Customs
Holidays
Rituals, festivals, holidays
Signs

Japanese New Year Eve

Information about the Informant: The informant is a 23 year old USC student named Eddie Roche. Eddie is a business major and is half Japanese half American. His father is from Chicago while his mother is from Japan. Growing up, Eddie lived in both Japan and China so he was immersed to numerous holiday traditions that both countries practiced. He has lots of family in Japan so he spent all of his holidays with family and learned about his culture.

Informant: “So basically every new years eve, all of the Japanese people clean everything in their house. It’s something that the Japanese people call Oosoji. It may take hours upon hours but it is a tradition that always occurs among Japanese people. Whether its making beds perfectly, re-cleaning every dish, or dustin all the furniture, the tradition is to cleanse everything in the house. People also clean out their cars and other forms of property that can require cleaning. They do this in order to begin the new year off on a blank page. If anything is dirty on new years, it means that some of the previous years’ bad habits are leaking into the new year.  After the cleaning is done, its tradition to put up numerous New Years decorations like Kadomatsu which are made up of pine and bamboo. Japanese people really like Bamboo. They all believe it is a symbol of longevity and good luck.”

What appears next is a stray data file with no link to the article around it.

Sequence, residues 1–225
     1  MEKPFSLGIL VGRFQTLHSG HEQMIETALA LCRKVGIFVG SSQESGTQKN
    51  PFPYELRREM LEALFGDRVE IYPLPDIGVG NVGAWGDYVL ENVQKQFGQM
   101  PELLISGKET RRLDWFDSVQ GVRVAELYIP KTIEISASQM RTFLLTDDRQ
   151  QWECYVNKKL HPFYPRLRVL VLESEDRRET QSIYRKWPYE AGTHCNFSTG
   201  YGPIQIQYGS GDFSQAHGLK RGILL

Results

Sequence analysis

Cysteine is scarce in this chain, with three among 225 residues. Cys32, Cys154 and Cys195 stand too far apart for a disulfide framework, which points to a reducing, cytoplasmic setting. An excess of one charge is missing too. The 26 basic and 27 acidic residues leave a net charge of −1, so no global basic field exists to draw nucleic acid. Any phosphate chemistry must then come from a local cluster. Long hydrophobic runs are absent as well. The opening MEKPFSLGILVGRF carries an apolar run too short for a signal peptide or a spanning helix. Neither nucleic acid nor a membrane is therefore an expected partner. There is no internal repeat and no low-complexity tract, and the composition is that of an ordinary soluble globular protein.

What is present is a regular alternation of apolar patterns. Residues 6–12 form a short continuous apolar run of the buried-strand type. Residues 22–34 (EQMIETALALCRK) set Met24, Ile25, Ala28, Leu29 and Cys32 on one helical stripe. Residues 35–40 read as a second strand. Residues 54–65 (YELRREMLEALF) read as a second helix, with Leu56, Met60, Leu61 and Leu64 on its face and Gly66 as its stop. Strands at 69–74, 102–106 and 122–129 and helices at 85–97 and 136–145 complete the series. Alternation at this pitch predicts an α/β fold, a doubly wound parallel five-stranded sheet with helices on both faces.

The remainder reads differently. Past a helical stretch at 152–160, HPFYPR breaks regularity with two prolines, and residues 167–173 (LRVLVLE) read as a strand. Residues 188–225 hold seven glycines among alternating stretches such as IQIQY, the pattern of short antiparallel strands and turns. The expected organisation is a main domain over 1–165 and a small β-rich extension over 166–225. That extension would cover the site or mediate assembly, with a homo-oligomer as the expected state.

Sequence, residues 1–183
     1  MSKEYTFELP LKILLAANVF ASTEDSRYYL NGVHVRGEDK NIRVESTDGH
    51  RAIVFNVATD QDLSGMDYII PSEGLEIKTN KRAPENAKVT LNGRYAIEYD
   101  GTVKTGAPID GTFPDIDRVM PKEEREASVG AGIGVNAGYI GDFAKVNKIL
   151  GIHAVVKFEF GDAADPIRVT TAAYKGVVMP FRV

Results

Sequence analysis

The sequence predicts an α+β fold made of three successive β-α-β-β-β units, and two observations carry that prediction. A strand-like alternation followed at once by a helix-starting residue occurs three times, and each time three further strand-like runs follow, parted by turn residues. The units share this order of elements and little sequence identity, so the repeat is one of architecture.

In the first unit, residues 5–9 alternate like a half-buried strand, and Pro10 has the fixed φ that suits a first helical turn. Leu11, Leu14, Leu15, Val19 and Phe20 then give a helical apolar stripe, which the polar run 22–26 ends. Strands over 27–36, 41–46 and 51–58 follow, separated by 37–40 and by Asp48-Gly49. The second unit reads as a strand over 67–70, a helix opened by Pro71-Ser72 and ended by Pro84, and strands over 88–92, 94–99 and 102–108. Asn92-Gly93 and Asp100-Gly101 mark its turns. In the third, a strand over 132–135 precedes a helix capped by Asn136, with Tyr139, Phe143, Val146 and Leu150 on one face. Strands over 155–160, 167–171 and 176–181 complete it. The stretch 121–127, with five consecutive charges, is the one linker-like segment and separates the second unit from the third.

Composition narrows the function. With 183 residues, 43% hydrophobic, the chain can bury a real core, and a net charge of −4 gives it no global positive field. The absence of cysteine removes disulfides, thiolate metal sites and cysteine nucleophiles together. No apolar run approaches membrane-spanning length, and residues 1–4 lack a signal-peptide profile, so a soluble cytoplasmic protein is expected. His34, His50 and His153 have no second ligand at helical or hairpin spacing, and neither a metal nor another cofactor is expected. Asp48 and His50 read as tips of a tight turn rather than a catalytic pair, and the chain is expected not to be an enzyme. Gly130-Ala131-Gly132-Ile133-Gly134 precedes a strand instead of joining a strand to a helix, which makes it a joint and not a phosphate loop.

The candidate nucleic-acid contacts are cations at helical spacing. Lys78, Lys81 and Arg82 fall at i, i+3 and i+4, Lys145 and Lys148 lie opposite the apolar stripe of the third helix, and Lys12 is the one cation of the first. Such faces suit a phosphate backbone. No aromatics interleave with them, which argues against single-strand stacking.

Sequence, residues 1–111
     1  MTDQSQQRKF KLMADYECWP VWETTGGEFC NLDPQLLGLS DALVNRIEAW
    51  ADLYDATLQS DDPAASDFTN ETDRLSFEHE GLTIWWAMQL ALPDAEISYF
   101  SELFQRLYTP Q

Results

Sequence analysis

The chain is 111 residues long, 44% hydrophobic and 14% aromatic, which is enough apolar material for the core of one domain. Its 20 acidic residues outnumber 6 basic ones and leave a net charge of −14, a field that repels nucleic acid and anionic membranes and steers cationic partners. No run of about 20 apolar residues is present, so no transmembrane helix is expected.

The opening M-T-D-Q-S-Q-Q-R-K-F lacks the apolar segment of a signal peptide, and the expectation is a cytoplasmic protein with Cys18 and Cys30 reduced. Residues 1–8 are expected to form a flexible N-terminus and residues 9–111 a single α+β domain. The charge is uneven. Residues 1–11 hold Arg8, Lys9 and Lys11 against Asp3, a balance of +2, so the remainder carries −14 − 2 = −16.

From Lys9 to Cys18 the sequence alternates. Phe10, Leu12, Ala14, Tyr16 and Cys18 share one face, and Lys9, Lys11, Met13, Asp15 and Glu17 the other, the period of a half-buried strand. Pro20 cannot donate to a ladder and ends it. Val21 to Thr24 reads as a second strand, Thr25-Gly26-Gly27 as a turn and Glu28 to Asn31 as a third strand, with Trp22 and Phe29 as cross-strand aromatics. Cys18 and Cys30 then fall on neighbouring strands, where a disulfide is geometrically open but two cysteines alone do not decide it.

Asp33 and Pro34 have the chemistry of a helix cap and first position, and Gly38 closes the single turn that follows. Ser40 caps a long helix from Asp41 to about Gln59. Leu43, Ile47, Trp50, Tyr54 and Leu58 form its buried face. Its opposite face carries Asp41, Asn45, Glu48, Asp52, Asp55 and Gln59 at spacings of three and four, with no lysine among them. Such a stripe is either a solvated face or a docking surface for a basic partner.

Analysis: I found this Japanese New year eve tradition to be a tradition that makes a lot of sense practically and symbolically. From the perspective of an outsider who had never practiced such a tradition, I can easily understand how cleaning houses and property to perfection before the new years starts makes sense. It is as if the Japanese people are beginning the new year on a completely blank slate. What happened in the past is the past and there is nothing they can do about it once the next year comes along.

Comments are closed.

[geolocation]